By Kelly Soderstrom
Summer means plenty of hot days, swimming pools, barbecues, and, of course, festivals! Here is our picks for summer festivals with strong art activism elements to check out.
Can’t make it this year? Most of these festivals are annual events that tend to take place around the same time each year, so be sure to keep an eye out for them next time!
Americas Latino Eco Festival (ALEF)
October 13-15, 2016
Denver, Colorado, USA
ALEF is one of the largest multicultural environmentalism festivals in the United States. Through music, art, family activities, and panel discussions, the festival promotes environmentalism based in the Latino community. The festival acts as a great networking opportunity for environmentalism advocates, community leaders, policy makers, and conservation enthusiasts in the US Latino community and beyond.
It’s also unique in that it seeks to advance environmentalism in the context of multiculturalism – a novel approach to environmentalism that appears to be having a big impact (if the 10,000 attendees in previous year are any indication).
Louisville, Kentucky, USA
Through the Forecastle Foundation (http://www.forecastlefoundation.org/) and under the motto “Music, Art, Activism,” this environmentalism-focused music festival has gained a reputation for being one of the most anticipated music festivals of the season. Past headliners include big acts such as The Avett Brothers, Alabamba Shakes, Death Cab for Cutie, Ryan Adams, and Ben Harper & The Innocent Criminals.
In 2015, festival organizers (AC Entertainment) partnered with Arcadia Power to decrease the festival’s carbon footprint by ensuring that for every kilowatt hour consumed, one “clean” kilowatt hour is produced via a renewable source (such as wind or solar).
October 7-9, 2016
Somerville, Massachusetts, USA
Already in its 10th year, HONK! Festival has become a major meeting place for brass bands from all over the United States who support a variety of progressive causes – everything from economic and social justice to environmental protection and world peace. The festival won a 2015 Best of Boston award and inspired similar festivals as far afield as Australia (HONK! Oz) and Brazil (HONK! Rio).
Human Rights, Arts & Film Festival (HRAFF)
Melbourne, Victoria, Australia
HRAFF combines film, art, music, and forums to explore human diversity and advance messages of social justice and human rights. The festival is already in its ninth year providing “a platform whereby creatives, organisations and the Australian public are brought together by their common desire to contribute to social change.” Most notably, the festival features performances and art from indigenous Australian artists.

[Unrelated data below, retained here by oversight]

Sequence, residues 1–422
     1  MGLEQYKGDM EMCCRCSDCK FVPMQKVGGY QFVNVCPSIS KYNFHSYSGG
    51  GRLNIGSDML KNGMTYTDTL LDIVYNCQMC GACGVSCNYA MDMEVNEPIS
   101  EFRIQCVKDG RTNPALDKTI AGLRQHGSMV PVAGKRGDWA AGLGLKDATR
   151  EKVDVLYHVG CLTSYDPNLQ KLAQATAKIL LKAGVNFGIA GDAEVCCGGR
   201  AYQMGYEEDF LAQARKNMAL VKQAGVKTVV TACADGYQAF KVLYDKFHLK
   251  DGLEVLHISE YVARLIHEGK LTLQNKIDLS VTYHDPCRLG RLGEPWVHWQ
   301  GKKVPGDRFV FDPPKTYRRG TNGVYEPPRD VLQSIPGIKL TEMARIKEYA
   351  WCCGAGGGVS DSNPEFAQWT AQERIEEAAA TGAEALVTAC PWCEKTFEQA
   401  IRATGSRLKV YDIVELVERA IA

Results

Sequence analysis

August 5-29, 2016
Edinburgh, Scotland, United Kingdom
The annual Edinburgh Festivals encompasses a wide range of smaller festivals, most notably the Fringe Festival and Comedy Festival, scattered throughout Edinburgh over three weeks in August. Although not explicitly geared towards art activism per se, many of the acts, exhibits, and events do have strong political messages behind them. There is even a Festival of Politics hosted by the Scottish Parliament which includes panel discussions, roundtables, and art exhibitions.
Fête de l’Humanité (“Festival of Humanity” or “Huma Festival”)
August 26-September 11, 2016
Started by the French Communist Party in 1930, the Fête de l’Humanité has become a mainstay of the Parisian festival scene and saw as many as 600,000 attendees last year. Concerts, meetings, debates, and exhibitions create a very eclectic and inclusive atmosphere.
Last year, big names such as Manu Chao and French hip-hop artist Youssoupha contributed to the festival, while past performers include The Prodigy, Simple Minds, Avril Lavigne, and Joan Baez.
We Love Green
This year, 47,000 people attended the eco-friendly We Love Green festival. This award-winning, ostensibly music festival is unique from other festivals in that it features a ThinkTank along with a wide selection of art and films focused on environmentalism.
Goma, DR Congo
Since 2014, the Amani Festival has welcomed about 25,000 people for a weekend of music and dance all in the name of peace and integration (and the catchy motto: “Playing for Change, Singing for Peace”). The festival features a great mix of local talent and international artists, but is particularly known for its amazing breakdance battles and performances.
Felabration (Afrobeat Musical Festival)
October 15-22, 2016
Originally founded in 1998 in celebration of Afrobeat creator and political activist Fela Anikulapo Kuti, Felabration takes place at a variety of venues throughout Lagos and features over 100 local and international artists.
Last year’s line-up included artists such as 2face, Sound Sultan, and Waje. The festival also features panel discussions and exhibitions, and has inspired similar festivals in Johannesburg, Paris and New York.
February 23-26, 2017
Uvita, Costa Rica
This annual gathering in the beautiful forests of Costa Rica seeks to advance ideas of sustainable community and environmentalism. It features a mixing pot of artists, musicians, and performers from around the world, as well as eco-education groups to teach energy efficiency to festival-goers. Envision even runs on biodiesel generators and partners with local environmental organizations such as Community Carbon Trees Costa Rica to reduce the festival’s carbon footprint.
Midi Modern Music Festival
May or October, 2017
The Midi Modern Music Festival has become one of the largest and most famous festivals in China. International acts, such as the Wombats, Yokohama Music Association, and the Eurythmics have played to crowds of over 60,000 visitors. The festival regularly features themes of environmentalism, often focusing on biodiversity.
Think we missed a great festival? Let us know in the comments section! Also be sure to check out our GAPActivism Playlist for the activism soundtrack to your summer.